Another girl, Sneha, has come down from Pune to join the SRK Fans Association for the release of Raees. She had been going to Mannat for years on SRK’s birthday, until she joined the group who met him in person. It was, in fact, one of the best days of her life.
A lot of these women are not from Bengaluru, neither are many of the other fans. They are from other regions in Karnataka, or even other states, and for many of them, joining the fan club was the first thing they did when they got to the city. The fan club became a platform for a community that extended to friendship and love.
It’s now 9.30 am. There’s a 25-feet-tall cutout of SRK placed outside the theatre, where he is sitting confidently with a foot upon his knee, gazing ahead through his large glasses. The cutout is garlanded several times over. Around him, a band dressed in bright red, is playing ‘Lungi Dance’ on drums and trumpets — they are merry and excited. In fact, they too have come for the film, as they are Shah Rukh Khan fans.
And now, it’s 10.30 am, which means it’s time for the first show.
When Shah Rukh first appears on screen, it is just his muscular back, and fans start screaming themselves hoarse — party poppers burst, raining the entire theatre with shiny confetti. And, of course, there are the dance numbers, during which many of the fans get up and dance in front of their screens, occasionally looking up at the larger-than-life image of their hero. Shah Rukh Khan is often in slow-mo, shooting people behind him without even looking, taking down a whole room of enemies with his bare hands, which is met aptly by roaring from the audience.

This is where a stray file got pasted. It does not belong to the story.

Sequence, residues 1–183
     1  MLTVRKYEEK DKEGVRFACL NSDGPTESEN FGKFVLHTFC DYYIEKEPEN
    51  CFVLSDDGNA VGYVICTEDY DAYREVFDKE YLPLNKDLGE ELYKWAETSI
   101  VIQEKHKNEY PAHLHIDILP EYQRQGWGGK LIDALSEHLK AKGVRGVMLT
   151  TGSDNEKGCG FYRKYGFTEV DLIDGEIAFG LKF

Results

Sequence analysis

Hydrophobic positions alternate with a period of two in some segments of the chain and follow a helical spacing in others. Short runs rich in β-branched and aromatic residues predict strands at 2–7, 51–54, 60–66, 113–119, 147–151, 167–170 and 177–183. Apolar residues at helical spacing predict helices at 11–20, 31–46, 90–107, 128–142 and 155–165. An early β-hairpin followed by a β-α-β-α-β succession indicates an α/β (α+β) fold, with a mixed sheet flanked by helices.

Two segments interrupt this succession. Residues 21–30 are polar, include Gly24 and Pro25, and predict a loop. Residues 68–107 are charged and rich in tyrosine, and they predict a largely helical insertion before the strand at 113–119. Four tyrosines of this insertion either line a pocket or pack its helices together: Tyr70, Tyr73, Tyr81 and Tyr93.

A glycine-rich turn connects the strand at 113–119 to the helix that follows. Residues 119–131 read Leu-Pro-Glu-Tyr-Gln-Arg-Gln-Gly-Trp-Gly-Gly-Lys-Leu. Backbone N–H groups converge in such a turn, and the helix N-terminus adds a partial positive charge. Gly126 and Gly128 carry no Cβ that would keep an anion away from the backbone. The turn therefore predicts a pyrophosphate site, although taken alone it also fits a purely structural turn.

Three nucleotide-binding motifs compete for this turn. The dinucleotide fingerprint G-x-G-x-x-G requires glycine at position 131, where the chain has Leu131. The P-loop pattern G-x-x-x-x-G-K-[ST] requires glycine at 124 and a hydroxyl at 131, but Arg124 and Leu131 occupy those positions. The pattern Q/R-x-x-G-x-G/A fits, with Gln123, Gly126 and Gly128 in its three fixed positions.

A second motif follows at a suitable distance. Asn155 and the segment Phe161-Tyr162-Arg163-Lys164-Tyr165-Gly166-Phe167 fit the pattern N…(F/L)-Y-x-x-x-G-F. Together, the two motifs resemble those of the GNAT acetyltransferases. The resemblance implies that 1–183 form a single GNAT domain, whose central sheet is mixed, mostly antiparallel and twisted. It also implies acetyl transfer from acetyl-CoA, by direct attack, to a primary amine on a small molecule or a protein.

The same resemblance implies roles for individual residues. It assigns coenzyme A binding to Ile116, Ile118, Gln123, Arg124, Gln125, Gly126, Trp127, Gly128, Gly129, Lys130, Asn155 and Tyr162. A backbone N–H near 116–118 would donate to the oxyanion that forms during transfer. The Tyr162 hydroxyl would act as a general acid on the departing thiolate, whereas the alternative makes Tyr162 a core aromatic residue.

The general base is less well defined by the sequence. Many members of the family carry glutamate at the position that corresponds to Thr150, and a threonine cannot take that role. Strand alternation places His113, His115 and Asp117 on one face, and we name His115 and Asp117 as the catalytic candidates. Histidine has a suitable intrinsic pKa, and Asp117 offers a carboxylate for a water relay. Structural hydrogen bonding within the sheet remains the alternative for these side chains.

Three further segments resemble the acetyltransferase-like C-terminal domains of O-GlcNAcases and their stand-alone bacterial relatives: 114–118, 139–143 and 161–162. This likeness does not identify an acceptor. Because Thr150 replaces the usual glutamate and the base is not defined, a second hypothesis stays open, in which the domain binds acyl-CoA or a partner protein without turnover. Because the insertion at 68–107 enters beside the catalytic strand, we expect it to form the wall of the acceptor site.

Apart from the “mass film” trope, Raees is also a politically ‘daring’ (its tagline is “Baniye ka dimaag, aur miyanbhai ki daring” or “The intelligence of a Bania and the bravery of a Muslim”) film.
Raees is set in the dry state of Gujarat, where Shah Rukh’s character, Raees, is a bootlegger. It is a film with many Muslim characters, with more complexity than Muslims are depicted in the average Bollywood film. Religion is omnipresent in the film — the clothes, the festivals and the ways of speaking. Religion and the political climate of our country in which religion is always a factor.
Meanwhile the same-day release of Hrithik Roshan’s Kaabil and Raees has been spun into a deshi vs videshi battle by so many, including the General Secretary of the BJP party, Kailash Vijayvargiya.
This roughly translates to “Raees (also means “rich”) which is not of our nation, is of no use to us. But [the] Kaabil (also means “capable”) patriot, is who we should support.”
What does Guru feel about all the “anti-national” claims that surround Raees? He says that the film itself had the answer to that question, when Shah Rukh Khan says, “Dhanda karne ke time Hindu Muslim socha tha kya? Woh sab mere log hai. Koi bhuka nehi rehna chahiye. Hindu ya Musalman,” (”Have we though of it as Hindu-Muslim when we did business? They are all our people. No one should remain hungry. Hindu or Muslim.”) Deepak says the same — he’d wear his pathani suit and kajal anywhere, and doesn’t care if people mistook him for a Muslim.
Perhaps, for these fans, the film’s message is indeed true: There is no difference between people of different religions — because they are all united by one god, Shah Rukh Khan.
(In arrangement with GRIST MEDIA)